It is time for a FIRST Wild Card Tour book review! If you wish to join the FIRST blog alliance, just click the button. We are a group of reviewers who tour Christian books. A Wild Card post includes a brief bio of the author and a full chapter from each book toured. The reason it is called a FIRST Wild Card Tour is that you never know if the book will be fiction, non~fiction, for young, or for old…or for somewhere in between! Enjoy your free peek into the book!
You never know when I might play a wild card on you!
Recently named “Writer of the Year” by the San Diego Christian Writer’s Guild, Diana Wallis Taylor has been writing since the age of 12 when she sold her first poem to a church newspaper. A former school teacher, popular women’s speaker and award-winning author, she’s best known for her biblical novels that focus on women such as Martha, Mary Magdalene, Claudia Wife of Pontius Pilate, and Journey to the Well. She’s also published several contemporary novels, a collection of poetry, and contributed to a wide variety of publications. Diana lives in San Diego with her husband, Frank. Among them, they have six grown children and ten grandchildren.
Visit the author’s website.
List Price: $14.99
Paperback: 288 pages
Publisher: Whitaker House (October 1, 2013)
Product Dimensions: 8.3 x 5.4 x 0.7 inches
AND NOW…THE FIRST CHAPTER:
She scrunched up her small face, her lower lip trembling. Yesterday, her mama would not wake up, and her papa began weeping and acting strangely. He struggled to stand up, and perspiration ran down his face. She remembered his words, spoken like he was out of breath. “Joash, you must help me. Take Ruth and go to the house of Naaman. Tell him I need his help. Stay there until I call for you.”
Joash grabbed her hand and almost pulled her to the neighbors’ house. She had been holding her mother’s shawl, and she wrapped it around herself that night as they slept in the neighbors’ courtyard. She could hardly breathe for the fear that seemed to rise up from her chest. Why would the neighbors not let them go home? Had Papa not called for them?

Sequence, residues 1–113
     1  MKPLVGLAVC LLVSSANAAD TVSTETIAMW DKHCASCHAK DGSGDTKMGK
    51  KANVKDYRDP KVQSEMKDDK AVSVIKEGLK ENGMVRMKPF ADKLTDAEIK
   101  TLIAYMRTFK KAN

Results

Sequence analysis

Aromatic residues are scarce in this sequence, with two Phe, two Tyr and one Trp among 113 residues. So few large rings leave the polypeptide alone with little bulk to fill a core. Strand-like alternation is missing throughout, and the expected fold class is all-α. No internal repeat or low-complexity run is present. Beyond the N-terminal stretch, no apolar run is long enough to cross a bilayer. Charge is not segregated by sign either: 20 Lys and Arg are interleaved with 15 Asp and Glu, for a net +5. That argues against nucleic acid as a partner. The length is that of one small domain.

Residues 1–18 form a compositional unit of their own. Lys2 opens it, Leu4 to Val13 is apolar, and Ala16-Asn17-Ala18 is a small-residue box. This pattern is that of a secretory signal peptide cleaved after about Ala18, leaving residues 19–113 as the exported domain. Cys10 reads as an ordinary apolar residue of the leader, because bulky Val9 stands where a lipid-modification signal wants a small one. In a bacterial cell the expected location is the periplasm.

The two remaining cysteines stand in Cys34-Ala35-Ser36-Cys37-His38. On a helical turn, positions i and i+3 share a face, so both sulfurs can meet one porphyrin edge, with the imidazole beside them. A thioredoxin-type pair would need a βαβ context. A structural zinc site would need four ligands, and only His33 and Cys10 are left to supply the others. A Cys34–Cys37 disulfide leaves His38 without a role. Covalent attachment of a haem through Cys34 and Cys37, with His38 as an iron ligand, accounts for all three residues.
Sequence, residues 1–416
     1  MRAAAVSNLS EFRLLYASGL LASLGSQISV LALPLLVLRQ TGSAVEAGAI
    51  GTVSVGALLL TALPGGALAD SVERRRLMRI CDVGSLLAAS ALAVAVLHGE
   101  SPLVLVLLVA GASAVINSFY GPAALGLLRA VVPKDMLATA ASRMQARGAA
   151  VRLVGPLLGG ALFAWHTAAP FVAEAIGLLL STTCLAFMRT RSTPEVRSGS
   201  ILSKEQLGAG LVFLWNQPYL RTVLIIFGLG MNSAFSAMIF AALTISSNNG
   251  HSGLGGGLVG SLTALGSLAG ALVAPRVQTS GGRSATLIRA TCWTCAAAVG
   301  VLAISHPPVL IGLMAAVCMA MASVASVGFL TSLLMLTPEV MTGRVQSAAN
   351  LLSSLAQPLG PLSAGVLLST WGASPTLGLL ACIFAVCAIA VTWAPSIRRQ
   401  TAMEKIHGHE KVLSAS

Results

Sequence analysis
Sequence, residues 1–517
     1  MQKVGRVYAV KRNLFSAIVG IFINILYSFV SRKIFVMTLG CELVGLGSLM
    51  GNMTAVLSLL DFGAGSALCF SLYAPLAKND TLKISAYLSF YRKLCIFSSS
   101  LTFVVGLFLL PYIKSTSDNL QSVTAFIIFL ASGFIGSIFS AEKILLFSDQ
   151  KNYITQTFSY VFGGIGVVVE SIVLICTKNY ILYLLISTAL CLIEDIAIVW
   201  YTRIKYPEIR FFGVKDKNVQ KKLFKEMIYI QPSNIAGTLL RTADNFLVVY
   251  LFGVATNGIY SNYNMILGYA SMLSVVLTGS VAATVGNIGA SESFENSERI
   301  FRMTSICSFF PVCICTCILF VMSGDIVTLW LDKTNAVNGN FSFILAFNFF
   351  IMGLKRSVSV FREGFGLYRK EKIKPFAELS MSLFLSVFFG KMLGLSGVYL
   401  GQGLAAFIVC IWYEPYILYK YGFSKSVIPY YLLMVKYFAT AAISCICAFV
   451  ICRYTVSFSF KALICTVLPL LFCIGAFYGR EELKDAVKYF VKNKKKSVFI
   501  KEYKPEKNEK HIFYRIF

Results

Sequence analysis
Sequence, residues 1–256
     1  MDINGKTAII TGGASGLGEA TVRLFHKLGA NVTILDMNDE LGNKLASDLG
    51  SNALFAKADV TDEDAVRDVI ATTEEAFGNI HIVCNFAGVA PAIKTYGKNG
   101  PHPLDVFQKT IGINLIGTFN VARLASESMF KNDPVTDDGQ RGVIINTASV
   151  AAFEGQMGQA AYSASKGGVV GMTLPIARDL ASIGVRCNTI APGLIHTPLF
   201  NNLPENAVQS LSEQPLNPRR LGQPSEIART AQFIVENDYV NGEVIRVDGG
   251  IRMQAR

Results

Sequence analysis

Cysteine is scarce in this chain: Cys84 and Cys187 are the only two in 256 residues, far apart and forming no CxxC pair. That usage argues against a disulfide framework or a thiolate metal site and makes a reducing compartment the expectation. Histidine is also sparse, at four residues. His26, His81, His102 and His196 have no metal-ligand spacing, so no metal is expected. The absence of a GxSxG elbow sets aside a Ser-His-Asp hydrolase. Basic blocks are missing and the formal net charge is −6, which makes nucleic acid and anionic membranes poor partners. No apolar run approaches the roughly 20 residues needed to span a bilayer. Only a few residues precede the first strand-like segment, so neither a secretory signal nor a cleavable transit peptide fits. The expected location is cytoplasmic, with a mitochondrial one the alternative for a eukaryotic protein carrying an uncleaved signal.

Everyone looked at them with sad eyes and whispered to one another. She clutched her mother’s shawl and turned to her brother.
“Why will they not let us go home?”
“I don’t know. Something is wrong.” He looked at a woman standing nearby. “We want to see our mama and papa.”
The woman answered quietly, “Children, your mama and papa are dead. You cannot see them…ever again.”
Ruth heard the word “dead.” A bird fell in their small courtyard one day, and her papa said it was dead. It lay on the dirt, unmoving, its eyes closed. She could not imagine her mama and papa like that bird. She turned to her brother again.
“Mama and Papa are dead?”
Joash nodded, tears rolling down his cheeks. He put an arm around her, and they clung to each other.
Naaman’s wife spoke up. “I have fed them for two days, but I cannot continue to care for them.”
“Do they have family elsewhere?” said another neighbor woman. “I have children of my own to feed.”
Naaman murmured, “Phineas has family near the Plains of Moab, outside Beth-Jeshimoth. He told me before he died.”
“What family? His parents? Are they still alive?”
There was silence. Then, “How would the children get there? They can’t go alone; the boy is only six, the girl almost four. Who would take them?”
“That is something to consider. It is a two days’ journey.”
Teary-eyed, Ruth turned to her brother and whispered, “Where do they want to take us?”
He straightened his shoulders and tried to sound very strong. “I don’t know, but do not be afraid, Sister. I will care for you.”
A couple entered the small courtyard and hurried up to the group that had been talking. The woman spoke. “We just heard about the parents. The mother, Timna, was my friend. Do you know what is to be done with the children?”
Someone said, “Naaman told us they have grandparents, outside Beth-Jeshimoth, but we don’t know how to get them there. They cannot travel alone.”
The man nodded, then said, “I will take them. My wife, Mary, will go with me.”
“But, Gershon, can you leave your shop for that long? It will take at least two days or more, just one way.”
“Ha’Shem will watch over my shop. It is the right thing to do. If they have family, that is where the children should go. I will prepare my cart and donkey.”